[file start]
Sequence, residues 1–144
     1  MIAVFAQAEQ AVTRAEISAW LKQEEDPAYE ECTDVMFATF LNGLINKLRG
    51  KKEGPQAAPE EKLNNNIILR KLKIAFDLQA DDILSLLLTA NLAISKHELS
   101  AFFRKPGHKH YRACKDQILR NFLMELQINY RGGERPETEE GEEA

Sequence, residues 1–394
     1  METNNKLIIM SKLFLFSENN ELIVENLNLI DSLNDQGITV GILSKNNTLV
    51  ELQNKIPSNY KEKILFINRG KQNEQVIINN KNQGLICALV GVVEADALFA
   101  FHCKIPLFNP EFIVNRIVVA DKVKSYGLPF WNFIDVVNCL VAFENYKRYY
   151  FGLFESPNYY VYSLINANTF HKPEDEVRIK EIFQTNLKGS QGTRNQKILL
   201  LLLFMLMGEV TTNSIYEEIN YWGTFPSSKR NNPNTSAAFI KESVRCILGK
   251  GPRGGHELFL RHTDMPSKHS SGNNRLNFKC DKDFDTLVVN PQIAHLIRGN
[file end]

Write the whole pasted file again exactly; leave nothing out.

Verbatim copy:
Sequence, residues 1–144
     1  MIAVFAQAEQ AVTRAEISAW LKQEEDPAYE ECTDVMFATF LNGLINKLRG
    51  KKEGPQAAPE EKLNNNIILR KLKIAFDLQA DDILSLLLTA NLAISKHELS
   101  AFFRKPGHKH YRACKDQILR NFLMELQINY RGGERPETEE GEEA

Sequence, residues 1–394
     1  METNNKLIIM SKLFLFSENN ELIVENLNLI DSLNDQGITV GILSKNNTLV
    51  ELQNKIPSNY KEKILFINRG KQNEQVIINN KNQGLICALV GVVEADALFA
   101  FHCKIPLFNP EFIVNRIVVA DKVKSYGLPF WNFIDVVNCL VAFENYKRYY
   151  FGLFESPNYY VYSLINANTF HKPEDEVRIK EIFQTNLKGS QGTRNQKILL
   201  LLLFMLMGEV TTNSIYEEIN YWGTFPSSKR NNPNTSAAFI KESVRCILGK
   251  GPRGGHELFL RHTDMPSKHS SGNNRLNFKC DKDFDTLVVN PQIAHLIRGN